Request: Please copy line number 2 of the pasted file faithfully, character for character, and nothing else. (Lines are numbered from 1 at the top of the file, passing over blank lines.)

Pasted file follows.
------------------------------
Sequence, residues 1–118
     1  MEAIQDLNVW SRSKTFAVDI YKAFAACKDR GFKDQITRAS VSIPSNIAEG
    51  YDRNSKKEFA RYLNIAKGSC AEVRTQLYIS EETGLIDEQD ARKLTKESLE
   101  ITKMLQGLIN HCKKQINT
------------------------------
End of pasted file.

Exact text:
     1  MEAIQDLNVW SRSKTFAVDI YKAFAACKDR GFKDQITRAS VSIPSNIAEG